Roman diplomacy, management
Roman diplomacy is more complicated than the regular kind. As there are four Roman factions (including the Senate and People of Rome itself), and all are in unbreakable alliances at the beginning, and the Senate is constantly interfering in affairs, more planning is needed before engaging a course of action.
For starters, until a faction gains enough popularity with the people of Rome, the alliances between the four factions cannot be broken. Secondly, the Senate is always encouraging expansion for each faction in a different direction. The Julii expand North and West, the Brutii strike out East, the Scipii take the South.
The Senate also has a “Policies” submenu which suggests courses of action. There is little in the way of consequences for defying the Senate, but some do exist. Should you say… negotiate a city away from a different Roman faction, the Senate will confiscate a great deal of money in retribution. Furthermore, the Senate gets quite unhappy if you encroach on the territories of long-term allies, or start wars where it doesn’t want a war. This unhappiness translates into fewer rewards and Senate offices. Weigh the benefits of defying the Senate carefully, especially early in the game where there is little need to defy it. Finally, be careful about who you ally with as the Romans. The Julii AI often makes the mistake of allying with Spain, an alliance the Senate covets. This leaves Spanish territory out of Julii reach and forces them into less lucrative lands to the North.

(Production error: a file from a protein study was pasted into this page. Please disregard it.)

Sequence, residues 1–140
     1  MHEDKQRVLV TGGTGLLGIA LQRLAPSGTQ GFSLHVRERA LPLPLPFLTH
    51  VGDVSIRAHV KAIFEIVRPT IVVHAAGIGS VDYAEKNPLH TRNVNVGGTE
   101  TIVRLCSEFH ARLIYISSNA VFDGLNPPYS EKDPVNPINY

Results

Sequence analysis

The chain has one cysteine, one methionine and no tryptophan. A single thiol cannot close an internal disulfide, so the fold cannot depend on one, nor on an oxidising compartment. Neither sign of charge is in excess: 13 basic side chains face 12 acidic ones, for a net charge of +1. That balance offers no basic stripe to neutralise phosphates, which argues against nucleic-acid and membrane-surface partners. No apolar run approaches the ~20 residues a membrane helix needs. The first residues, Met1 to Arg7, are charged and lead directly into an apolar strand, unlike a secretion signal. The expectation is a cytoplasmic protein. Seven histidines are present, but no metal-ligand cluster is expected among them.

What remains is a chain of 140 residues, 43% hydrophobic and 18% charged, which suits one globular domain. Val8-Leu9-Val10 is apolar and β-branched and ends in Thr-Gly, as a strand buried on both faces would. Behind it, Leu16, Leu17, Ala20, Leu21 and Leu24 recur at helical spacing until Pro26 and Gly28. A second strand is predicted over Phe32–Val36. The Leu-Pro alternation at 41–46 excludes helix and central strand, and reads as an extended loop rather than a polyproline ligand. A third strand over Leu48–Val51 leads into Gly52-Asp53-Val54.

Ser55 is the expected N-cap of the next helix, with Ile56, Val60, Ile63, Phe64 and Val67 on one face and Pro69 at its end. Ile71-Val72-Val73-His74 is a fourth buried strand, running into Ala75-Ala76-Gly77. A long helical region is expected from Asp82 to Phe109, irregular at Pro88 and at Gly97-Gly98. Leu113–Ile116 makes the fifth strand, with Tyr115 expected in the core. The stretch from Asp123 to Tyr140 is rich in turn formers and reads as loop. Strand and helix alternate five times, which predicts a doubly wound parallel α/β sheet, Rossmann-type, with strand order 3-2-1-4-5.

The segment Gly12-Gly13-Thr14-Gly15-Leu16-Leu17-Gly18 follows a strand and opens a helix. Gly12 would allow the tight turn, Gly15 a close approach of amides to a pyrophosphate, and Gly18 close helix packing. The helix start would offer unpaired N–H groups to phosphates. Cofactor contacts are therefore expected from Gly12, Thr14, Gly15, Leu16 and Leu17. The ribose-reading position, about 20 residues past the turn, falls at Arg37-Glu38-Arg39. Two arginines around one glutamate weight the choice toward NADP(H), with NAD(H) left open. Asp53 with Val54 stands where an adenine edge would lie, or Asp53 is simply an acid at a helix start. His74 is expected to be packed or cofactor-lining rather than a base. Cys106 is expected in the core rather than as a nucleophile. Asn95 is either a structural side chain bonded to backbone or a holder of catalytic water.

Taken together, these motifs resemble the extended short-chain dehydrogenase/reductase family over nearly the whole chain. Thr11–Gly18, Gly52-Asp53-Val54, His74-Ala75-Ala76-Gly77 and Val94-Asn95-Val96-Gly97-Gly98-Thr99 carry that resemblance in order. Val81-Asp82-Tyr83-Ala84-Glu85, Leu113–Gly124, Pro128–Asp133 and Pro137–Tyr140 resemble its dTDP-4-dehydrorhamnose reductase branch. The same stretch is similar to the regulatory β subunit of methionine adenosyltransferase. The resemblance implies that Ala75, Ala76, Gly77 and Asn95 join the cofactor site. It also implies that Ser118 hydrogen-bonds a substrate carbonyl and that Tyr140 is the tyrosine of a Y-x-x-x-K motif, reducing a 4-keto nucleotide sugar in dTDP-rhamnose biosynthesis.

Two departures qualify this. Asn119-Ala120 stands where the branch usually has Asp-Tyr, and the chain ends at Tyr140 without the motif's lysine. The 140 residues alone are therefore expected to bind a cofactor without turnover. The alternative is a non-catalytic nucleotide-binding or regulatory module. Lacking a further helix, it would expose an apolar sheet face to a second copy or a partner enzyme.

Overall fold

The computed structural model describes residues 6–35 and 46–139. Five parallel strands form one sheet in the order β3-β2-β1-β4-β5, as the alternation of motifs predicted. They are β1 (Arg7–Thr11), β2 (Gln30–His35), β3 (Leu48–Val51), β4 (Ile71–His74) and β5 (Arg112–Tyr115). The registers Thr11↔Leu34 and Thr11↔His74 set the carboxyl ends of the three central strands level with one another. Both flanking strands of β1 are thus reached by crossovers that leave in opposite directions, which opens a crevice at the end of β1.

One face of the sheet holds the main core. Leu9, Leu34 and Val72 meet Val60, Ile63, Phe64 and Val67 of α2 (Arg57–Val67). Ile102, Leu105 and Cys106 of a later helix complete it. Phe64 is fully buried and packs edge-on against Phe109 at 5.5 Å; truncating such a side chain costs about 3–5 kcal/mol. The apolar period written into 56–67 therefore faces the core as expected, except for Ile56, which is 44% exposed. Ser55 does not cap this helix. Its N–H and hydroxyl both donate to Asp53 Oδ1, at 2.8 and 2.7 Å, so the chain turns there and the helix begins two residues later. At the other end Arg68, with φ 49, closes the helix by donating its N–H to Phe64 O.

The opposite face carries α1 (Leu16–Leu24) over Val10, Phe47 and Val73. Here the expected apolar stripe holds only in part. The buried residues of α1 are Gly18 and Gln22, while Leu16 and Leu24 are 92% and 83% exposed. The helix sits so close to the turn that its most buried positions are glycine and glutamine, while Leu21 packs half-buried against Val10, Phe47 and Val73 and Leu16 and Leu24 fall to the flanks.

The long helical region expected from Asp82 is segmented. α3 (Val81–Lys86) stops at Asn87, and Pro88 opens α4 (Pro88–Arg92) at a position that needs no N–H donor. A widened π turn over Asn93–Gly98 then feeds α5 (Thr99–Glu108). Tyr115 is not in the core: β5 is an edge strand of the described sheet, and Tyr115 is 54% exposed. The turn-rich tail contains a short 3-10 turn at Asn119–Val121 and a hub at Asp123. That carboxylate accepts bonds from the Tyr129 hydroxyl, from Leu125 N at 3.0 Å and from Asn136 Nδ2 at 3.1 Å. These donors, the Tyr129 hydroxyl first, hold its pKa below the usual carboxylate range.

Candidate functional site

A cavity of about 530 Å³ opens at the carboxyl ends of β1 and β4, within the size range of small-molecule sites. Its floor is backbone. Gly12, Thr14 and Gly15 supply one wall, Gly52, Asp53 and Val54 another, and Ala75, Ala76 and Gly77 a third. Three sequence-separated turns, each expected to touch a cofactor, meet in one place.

To gain popularity with every day Romans, all the player need do is conquer. At about 30 provinces under your thumb, Romans will be happy enough with you that you can start the Roman Civil War. The Civil War ends when one of the factions has 50 provinces, including that of Rome itself.
Popularity with the Senate translates into Senate offices and rewards for completed missions. To gain and maintain popularity with the Senate, the player just needs to complete its missions and abide by the Senate’s policies. Of course, not all these missions are good for your faction. The Julii, for example, are often stretched thin fighting the populous and wealthy Gauls, yet the Senate calls upon them to take their underpowered navy to blockade Greek, Carthaginian or Macedonian ports. All three of these powers develop navies far stronger than what is worth fighting for, and after taking Corsica and Sardinia, the Julii player has little reason to fight Carthage.
Senate rewards vary. The mission description will usually hint at what the reward is. A “minor exotic unit” is typically a mercenary phalanx or cavalry. “Greatly rewarded” missions result in 5,000 or 10,000 denarii, and so on.
Upon reaching a certain level of success, a faction becomes suspect in the Senate’s eyes. It’s too powerful to control, and even if the faction follows all Senate missions and diplomatic guidelines, sooner or later the Senate will demand the suicide of your faction leader. If things have reached this point, there is little reason to continue playing nice with the Senate, as it will continue to demand the deaths of your faction leaders at an ever-increasing pace.